Advertisement

Report: Fake comments, secret campaign undermine FCC's net neutrality repeal

Starlink satellites launched Tuesday support SpaceX's broadband communications system providing global access to the internet. File Photo by Joe Marino/UPI
Starlink satellites launched Tuesday support SpaceX's broadband communications system providing global access to the internet. File Photo by Joe Marino/UPI | License Photo

May 6 (UPI) -- Millions of fake comments and a secret campaign undermined the Federal Communications Commission's 2017 net neutrality repeal, a report confirmed Thursday.

The New York attorney general's report based on a multiyear investigation found nearly 18 million of the more than 22 million comments the FCC received during its 2017 proceeding to repeal the agency's net neutrality rules were fake comments.

Advertisement

The FCC voted 3-2 in December 2017 to repeal the Obama-era rules to prevent broadband companies from slowing down or blocking any sites or apps and charging more to access certain sites. The next month the attorneys general of more than 20 states led by then-N.Y. Attorney General Eric Schneiderman filed a petition to block the FCC's repeal of the rules, saying the rollback was illegal.

"An open Internet -- and the free exchange of ideas it allows -- is critical to our democratic process," Schneiderman said at the time.

RELATED Myanmar coup: Military bans satellite dishes in media crackdown

The report released Thursday by now Attorney General Letitia James found that some of the country's largest broadband companies funded a secret campaign to generate millions of comments in the 2017 net neutrality proceeding to provide "cover" for the FCC's repeal of net neutrality rules.

Main funders of the campaign included an industry trade group and three companies, with a combined market value of approximately half a trillion dollars. The campaign created an appearance of widespread grassroots opposition to net neutrality rules, which did not exist in reality.

Polls showed overwhelming public support for keeping the net neutrality rules in place, so the industry hired companies "known as lead generators" that would "generate comments for a fee," the report said.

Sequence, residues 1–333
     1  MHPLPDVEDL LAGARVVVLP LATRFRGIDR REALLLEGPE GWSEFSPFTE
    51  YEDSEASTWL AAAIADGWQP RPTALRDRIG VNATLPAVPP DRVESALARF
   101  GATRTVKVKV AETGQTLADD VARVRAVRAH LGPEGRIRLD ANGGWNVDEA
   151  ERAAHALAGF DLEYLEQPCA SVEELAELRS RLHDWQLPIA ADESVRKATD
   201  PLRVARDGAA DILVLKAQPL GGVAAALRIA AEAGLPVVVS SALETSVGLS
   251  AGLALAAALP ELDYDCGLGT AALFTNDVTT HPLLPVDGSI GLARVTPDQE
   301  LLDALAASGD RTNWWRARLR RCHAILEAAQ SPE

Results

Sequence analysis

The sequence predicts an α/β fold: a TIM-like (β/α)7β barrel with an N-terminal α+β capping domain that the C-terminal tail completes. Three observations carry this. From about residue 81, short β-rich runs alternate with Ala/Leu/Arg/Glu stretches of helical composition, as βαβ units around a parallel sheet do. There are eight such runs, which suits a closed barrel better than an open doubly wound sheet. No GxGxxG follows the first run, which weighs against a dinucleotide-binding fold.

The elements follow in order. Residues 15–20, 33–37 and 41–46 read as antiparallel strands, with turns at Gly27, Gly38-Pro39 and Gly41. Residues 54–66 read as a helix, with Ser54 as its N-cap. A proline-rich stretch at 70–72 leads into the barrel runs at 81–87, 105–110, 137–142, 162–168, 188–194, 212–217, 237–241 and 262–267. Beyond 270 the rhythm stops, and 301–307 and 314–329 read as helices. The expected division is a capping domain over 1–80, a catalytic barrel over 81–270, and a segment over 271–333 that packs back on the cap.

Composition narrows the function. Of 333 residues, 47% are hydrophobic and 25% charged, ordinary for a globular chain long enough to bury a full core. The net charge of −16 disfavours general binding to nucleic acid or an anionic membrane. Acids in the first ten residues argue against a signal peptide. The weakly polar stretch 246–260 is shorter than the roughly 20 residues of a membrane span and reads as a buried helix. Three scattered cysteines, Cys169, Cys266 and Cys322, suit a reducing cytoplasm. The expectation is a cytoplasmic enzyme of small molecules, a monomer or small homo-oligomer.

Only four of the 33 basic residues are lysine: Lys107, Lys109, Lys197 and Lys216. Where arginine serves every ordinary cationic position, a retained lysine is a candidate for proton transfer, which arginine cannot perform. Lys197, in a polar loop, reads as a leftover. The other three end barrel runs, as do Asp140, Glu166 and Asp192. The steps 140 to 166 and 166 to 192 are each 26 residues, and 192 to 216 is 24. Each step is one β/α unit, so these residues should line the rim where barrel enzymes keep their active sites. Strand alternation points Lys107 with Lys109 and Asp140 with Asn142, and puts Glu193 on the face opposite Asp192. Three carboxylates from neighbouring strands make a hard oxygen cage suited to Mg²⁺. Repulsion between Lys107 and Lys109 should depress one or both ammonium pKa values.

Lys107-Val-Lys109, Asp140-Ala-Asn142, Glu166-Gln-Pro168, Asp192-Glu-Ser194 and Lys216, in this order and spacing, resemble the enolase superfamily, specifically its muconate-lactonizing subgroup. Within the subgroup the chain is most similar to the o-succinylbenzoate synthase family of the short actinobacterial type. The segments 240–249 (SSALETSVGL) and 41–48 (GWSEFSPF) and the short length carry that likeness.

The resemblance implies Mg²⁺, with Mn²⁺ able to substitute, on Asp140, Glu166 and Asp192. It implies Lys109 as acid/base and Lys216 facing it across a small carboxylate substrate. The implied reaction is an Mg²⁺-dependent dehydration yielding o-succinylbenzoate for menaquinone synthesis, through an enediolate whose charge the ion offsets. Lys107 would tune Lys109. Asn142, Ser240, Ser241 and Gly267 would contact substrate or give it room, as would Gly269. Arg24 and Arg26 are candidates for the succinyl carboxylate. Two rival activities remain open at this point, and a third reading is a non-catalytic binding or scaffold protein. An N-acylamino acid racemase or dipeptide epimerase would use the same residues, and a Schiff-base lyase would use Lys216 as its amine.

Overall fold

RELATED SpaceX launches 60 Starlink satellites from Florida

"This practice -- disguising an orchestrated, paid campaign as a grassroots effort to create a false appearance of genuine, unpaid public support -- is often referred to as astroturfing," the report noted.

The secret campaign spent $4.2 million generating and submitting over 8.5 million fake comments to the FCC, according to the report. The campaign also sent over a half a million fake letters to Congress.

The FCC also received over 9 million fake comments supporting net neutrality from a 19-year-old college student who used automated software to generate fictitious identities.

RELATED Finding a doctor in rural America getting tougher, experts say

"Americans voices are being drowned out by masses of fake comments and messages being submitted to the government to sway decision-making," James said in a statement. "Instead of actually looking for real responses from the American people, marketing companies are luring vulnerable individuals to their websites with freebies, co-opting their identities, and fabricating responses that giant corporations are then using to influence the policies and laws that govern our lives."

Three of the lead generators responsible for fake comments have already entered into settlements with the attorney general's office, including Fluent, React2Media, and Opt-Intelligence, according to a statement. Fluent was responsible for approximately 4.8 million fraudulent comments, React2Media, approximately 329,000, nearly all of which were fraudulent, and Opt-Intelligence was responsible for more than 250,000 fraudulent comments.

The three companies were required to adopt comprehensive reforms to advocacy campaigns and pay more than $4.4 million in "penalties and disgorgement," according to James' statement.

The Office of the Attorney General did not find evidence that the broadband companies that funded the lead generators had direct knowledge of the fraud, but did find that the nonprofit organization funded through the broadband industry called Broadband for America ignored "red flags."

Among them, an individual wrote in a message to the BFA's lobbying firm, she had "never even heard of net neutrality," and demanded to know "who was behind the use of her identity without her knowledge," the report said.

Latest Headlines